Acute Liver Cell Damage in Patients With Anorexia Nervosa: A Possible Role of Starvation-Induced Hepatocyte Autophagy

Pôle des Maladies de l'Appareil Digestif, Service d'Hépatologie, Hôpital Beaujon, AP-HP, Clichy, France.
Gastroenterology (Impact Factor: 16.72). 09/2008; 135(3):840-8, 848.e1-3. DOI: 10.1053/j.gastro.2008.05.055
Source: PubMed


Acute liver insufficiency is a rare complication of anorexia nervosa. The mechanisms for this complication are unclear. The aim of this study was to describe patient characteristics and clarify the mechanisms involved.
Liver specimens from 12 patients (median age, 24 years; median body mass index, 11.3 kg/m(2)), with a prothrombin index <50% and/or an International Normalized Ratio >1.7 and anorexia nervosa as the only cause for acute liver injury were analyzed. A detailed pathologic examination was performed, including under electron microscopy.
Liver cell glycogen depletion was a constant finding. There was a contrast between the increase in serum alanine aminotransferase (56 times normal on average; 1,904 IU/L) and the absence of significant hepatocyte necrosis on histology. Centrilobular changes (trabecular atrophy and/or sinusoidal fibrosis) were observed in 6 patients. There were rare or no (<5%) terminal deoxynucleotidyl transferase-mediated dUTP nick-end labeling-positive hepatocytes, suggesting that apoptosis was not the primary mechanism. Hepatocytes from 4 patients showed numerous autophagosomes, a morphologic hallmark of autophagy, on electron microscopy. In contrast, the mitochondria, endoplasmic reticulum, and nuclei were normal in most cells. These features were absent in 11 control patients. The outcome was favorable in all patients, with a rapid return to normal liver function.
Anorexia nervosa with extremely poor nutritional status should be added to the list of conditions causing acute liver insufficiency. Our findings show that starvation-induced autophagy in the human liver may be involved in liver cell death during anorexia nervosa, even though other mechanisms of liver cell damage could also play a role.

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    • "For decades, dietary deficiencies were considered the major factor responsible for the development of liver disease in alcoholics (Korourian et al. 1999), because ethanol displaces normal nutrients, causing malnutrition (Liber 2004; Comporti et al. 2010). Moreover, it has been experimentally proved that nutritional deficiencies cause liver damage (Di Pascoli et al. 2004; Rautou et al. 2008; Caballero et al. 2011). Therefore, it was postulated that the combination of these factors cause ALD (Comporti et al. 2010). "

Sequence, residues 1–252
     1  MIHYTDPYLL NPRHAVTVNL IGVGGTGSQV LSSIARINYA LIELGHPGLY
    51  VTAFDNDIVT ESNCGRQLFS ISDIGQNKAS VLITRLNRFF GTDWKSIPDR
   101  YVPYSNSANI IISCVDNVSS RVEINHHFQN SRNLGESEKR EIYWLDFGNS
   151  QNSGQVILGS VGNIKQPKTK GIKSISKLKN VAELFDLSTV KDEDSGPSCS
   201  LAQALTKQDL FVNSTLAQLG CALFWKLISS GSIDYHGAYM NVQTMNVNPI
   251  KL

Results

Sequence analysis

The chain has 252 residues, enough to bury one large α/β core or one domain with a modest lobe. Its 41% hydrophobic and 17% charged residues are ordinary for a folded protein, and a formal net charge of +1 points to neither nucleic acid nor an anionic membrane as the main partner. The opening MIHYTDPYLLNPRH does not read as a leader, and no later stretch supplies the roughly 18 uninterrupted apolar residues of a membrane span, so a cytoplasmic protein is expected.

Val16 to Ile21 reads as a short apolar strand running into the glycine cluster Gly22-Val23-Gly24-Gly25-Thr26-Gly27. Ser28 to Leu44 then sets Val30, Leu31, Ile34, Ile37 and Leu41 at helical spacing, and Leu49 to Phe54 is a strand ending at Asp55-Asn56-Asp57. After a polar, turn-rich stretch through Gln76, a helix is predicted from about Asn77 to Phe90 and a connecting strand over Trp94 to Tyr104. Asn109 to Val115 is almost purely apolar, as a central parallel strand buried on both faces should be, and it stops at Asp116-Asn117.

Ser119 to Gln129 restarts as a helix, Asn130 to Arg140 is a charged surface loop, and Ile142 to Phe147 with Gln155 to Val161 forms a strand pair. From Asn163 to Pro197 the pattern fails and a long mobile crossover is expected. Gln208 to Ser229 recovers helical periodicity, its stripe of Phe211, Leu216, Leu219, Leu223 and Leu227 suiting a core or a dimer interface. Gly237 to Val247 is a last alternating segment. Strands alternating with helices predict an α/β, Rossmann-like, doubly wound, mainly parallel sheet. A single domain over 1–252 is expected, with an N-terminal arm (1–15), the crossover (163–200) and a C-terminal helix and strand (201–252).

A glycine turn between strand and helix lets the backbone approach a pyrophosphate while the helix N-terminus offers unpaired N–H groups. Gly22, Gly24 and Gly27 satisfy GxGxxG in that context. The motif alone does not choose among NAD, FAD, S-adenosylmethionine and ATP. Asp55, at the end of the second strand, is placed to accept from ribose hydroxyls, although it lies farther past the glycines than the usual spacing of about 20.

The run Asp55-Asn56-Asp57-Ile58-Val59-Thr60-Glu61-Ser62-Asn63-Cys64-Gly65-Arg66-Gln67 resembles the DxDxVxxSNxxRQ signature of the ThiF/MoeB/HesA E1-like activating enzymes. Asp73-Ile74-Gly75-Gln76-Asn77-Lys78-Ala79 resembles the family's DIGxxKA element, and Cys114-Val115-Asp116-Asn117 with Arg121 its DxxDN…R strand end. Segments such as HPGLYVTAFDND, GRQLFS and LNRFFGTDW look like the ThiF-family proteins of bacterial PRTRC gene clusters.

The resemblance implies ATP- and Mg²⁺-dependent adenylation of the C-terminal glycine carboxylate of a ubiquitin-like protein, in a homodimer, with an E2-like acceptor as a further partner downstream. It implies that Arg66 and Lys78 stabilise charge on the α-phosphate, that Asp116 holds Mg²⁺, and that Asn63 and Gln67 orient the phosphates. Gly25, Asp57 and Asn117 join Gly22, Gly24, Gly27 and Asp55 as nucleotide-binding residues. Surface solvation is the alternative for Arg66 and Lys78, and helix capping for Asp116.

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    • "This seeming discrepancy may be explained by the re-elevation in serum HMGB1 and the reduction in intracellular HMGB1 aggregates after 2-d-relative to 1-d-fasting (considering that protection is lost upon concomitant HMGB1 injection into 1-d-fasted mice). Furthermore, human liver displays an accumulation of autophagosomes along with signs of increased cell permeability and elevations in liver enzymes following prolonged starvation [42]. Analogously, we observed an increase in AST, ALT, and the cell death marker LDH in mouse liver fasted for two/three days compared to 1-d-fasted or unfasted mice (Supplementary Fig. 5). "
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    • "Usually, autophagy is considered as a protective mechanism , but hyperactive autophagy has also been reported in pathological conditions such as liver inflammation in a rat model of diabetes mellitus (Hagiwara et al. 2010) and as a possible cause of hepatocyte death in anorexia nervosa patients (Rautou et al. 2008) suggesting that both diminished or excessive autophagy could be deleterious. It has also been reported that leptin treatment might have unfavorable consequences via an overactivated leptin system and an SOCS3 inhibitory effect might lead to insulin resistance, hepatic steatosis and liver fibrosis (Polyzos et al. 2011). "
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